Today King John is synonymous with the signing of Magna Carta, chasing the outlaw Robin Hood, and being an especially cowardly lion in the animated 1973 Disney film. But who was King John?

We look at the King John the man, the document that is forever linked with his name, and why in The Life and Death of King John Shakespeare doesn't even mention Magna Carta.


Prince John in the 1973 animated Disney film, Robin Hood via GIPHY

Who was King John?

John Plantagenet was the youngest of Henry II’s five legitimate sons, and was never expected to inherit land, earning him the nickname Jack Lackland. However, following the failed rebellion of his elder brothers against the crown, John soon became Henry’s favourite child, and was appointed Lord of Ireland and given lands in England. John’s elder brothers William, Henry and Geoffrey all died young, and by the time his remaining brother Richard (also known as Richard the Lionheart) became king in 1189, John was a potential heir to the throne. On his deathbed in 1199, Richard named John his successor, and he was crowned king.  

But the English Barons has another contender in mind – John’s nephew, the young Arthur of Brittany. In attempting to take Anjou and Maine in France, Arthur besieged his grandmother, Eleanor of Aquitaine. Facing rebellion, John launched a counterattack, and succeeded in capturing all the rebels and their leaders, amongst them the young Arthur. By late 1203, rumours had spread that John had ordered the murder of his nephew and had cast the body into the River Seine.

Within five years of becoming king, John had lost much of his family’s lands in France, resulting in the collapse of the Angevin Empire and the growing power of the French dynasty. His reign was marked by a string of unsuccessful military campaigns, losing much of the money his Barons had put into the campaigns.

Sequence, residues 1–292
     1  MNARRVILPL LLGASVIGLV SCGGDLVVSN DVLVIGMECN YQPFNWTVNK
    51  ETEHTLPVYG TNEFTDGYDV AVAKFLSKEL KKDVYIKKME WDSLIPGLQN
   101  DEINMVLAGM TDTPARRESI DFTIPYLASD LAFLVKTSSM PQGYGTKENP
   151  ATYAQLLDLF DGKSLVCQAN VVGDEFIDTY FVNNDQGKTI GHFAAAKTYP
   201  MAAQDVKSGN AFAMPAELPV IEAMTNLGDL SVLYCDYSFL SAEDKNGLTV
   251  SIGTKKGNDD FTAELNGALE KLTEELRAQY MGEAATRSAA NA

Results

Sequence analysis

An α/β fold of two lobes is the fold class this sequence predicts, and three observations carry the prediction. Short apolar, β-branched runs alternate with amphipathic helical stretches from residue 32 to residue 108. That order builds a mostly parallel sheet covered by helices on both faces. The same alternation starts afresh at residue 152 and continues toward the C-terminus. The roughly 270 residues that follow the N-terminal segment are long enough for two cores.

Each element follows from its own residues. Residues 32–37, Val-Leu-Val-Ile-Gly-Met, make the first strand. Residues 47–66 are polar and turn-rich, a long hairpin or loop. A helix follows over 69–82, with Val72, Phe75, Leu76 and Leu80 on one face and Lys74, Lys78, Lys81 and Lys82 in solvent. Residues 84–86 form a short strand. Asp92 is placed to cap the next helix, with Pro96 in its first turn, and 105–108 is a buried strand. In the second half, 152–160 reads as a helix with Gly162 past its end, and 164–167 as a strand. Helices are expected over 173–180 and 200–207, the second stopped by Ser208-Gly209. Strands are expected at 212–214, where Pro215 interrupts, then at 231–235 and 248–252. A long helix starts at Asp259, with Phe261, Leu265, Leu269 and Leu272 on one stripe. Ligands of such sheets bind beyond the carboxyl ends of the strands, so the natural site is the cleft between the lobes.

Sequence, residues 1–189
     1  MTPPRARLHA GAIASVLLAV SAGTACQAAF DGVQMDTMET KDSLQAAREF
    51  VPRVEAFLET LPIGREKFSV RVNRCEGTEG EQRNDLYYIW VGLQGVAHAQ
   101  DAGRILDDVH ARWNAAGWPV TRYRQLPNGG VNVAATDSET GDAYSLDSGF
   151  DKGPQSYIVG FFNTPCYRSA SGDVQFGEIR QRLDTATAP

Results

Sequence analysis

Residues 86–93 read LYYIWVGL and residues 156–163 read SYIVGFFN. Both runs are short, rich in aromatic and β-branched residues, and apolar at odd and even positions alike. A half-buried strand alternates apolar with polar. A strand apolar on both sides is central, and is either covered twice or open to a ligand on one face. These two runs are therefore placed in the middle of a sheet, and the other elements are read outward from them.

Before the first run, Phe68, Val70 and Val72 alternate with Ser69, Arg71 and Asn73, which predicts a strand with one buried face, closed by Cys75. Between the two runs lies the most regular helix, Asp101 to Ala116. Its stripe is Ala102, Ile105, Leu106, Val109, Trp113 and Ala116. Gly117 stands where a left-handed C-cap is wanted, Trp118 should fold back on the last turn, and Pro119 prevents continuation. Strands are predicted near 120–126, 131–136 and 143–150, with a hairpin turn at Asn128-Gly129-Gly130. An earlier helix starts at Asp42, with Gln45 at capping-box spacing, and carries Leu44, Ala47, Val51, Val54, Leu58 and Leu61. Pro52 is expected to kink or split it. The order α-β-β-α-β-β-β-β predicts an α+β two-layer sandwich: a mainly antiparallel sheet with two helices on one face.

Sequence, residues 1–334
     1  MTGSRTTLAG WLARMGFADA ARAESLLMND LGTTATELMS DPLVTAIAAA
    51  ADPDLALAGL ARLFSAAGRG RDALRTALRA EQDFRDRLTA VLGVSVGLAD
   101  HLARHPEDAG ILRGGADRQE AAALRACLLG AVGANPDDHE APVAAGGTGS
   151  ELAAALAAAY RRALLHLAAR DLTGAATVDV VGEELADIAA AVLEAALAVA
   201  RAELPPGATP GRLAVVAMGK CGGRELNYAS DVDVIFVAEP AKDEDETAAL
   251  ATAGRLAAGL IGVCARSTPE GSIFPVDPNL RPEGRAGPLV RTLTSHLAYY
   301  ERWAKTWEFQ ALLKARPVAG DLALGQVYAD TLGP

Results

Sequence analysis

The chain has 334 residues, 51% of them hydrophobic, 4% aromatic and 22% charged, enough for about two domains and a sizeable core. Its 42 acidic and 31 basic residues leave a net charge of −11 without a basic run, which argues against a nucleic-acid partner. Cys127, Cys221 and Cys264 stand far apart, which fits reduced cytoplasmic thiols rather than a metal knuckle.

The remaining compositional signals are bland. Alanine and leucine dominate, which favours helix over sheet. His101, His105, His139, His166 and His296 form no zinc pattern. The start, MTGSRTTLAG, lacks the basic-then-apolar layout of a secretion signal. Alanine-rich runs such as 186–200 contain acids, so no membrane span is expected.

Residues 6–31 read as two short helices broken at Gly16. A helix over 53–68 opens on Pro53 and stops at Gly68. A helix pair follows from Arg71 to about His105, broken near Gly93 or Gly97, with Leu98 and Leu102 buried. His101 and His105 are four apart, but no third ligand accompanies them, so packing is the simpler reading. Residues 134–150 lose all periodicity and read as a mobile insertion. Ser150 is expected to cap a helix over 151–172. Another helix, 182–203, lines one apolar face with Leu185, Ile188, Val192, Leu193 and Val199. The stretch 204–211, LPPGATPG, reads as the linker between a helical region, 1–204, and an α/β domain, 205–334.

John’s allegiances with Europe were further tested when arguments arose with Pope Innocent III over the next Archbishop of Canterbury. John refused to accept the Pope’s choice Stephen Langton, instead banishing him from England. This led to John’s excommunication in 1209 (though he was eventually pardoned).

What Magna Carta?

By the year 1215, England was in political turmoil. King John was an unpopular king, and had faced opposition from within his own family, the English barons and Europe.

John’s government had become increasingly ruthless and brutal; with taxes soaring, John began to exploit his feudal rights ever more harshly. Discontentment amongst the English Barons increased once more, and when negotiations between John and his Barons failed, civil war loomed, and the rebels seized London.

Forced to negotiate, on 15 June 1215 at a site in Runnymede King John signed Magna Carta, a document that placed limitations on the king’s powers, ensured feudal rights and restated English law.

It didn’t last. After first agreeing to the terms of Magna Carta, John reneged, asking the Pope to declare it invalid. On doing so, the betrayal ignited a civil conflict between the English Barons and the monarchy, dubbed the First Barons’ War, that lasted for two years, past John’s death and into the reign of his son, Henry III.

Pippa Nixon as The Bastard and Alex Waldmann as King John in our 2012 production directed by Maria Aberg.
Photo by Keith Pattison © RSC Browse and license our images

Shakespeare’s The Life and Death of King John

In Shakespeare’s The Life and Death of King John, however, the playwright fails to mention Magna Carta completely, and instead focuses on the series of alliances and betrayals between England and several European Catholic states, including the papacy.

Ever hinting at Elizabethan England in his plays, in The Life and Death of King John Shakespeare arguably makes connections between the threats made to King John, and those made to Queen Elizabeth I. Both sovereigns were excommunicated by the Pope, with promises made to canonise those who plotted to kill them.

Shakespeare comes very close to alluding to contemporary issues in his plays, but to include Magna Carta in The Life and Death of King John is perhaps one allusion too far in an era of strict censorship. In Elizabethan England, the sovereign’s divine right to rule was absolute. With the threat of civil war constant, it was not permissible to portray a monarch outdone by his subjects, especially on the stage.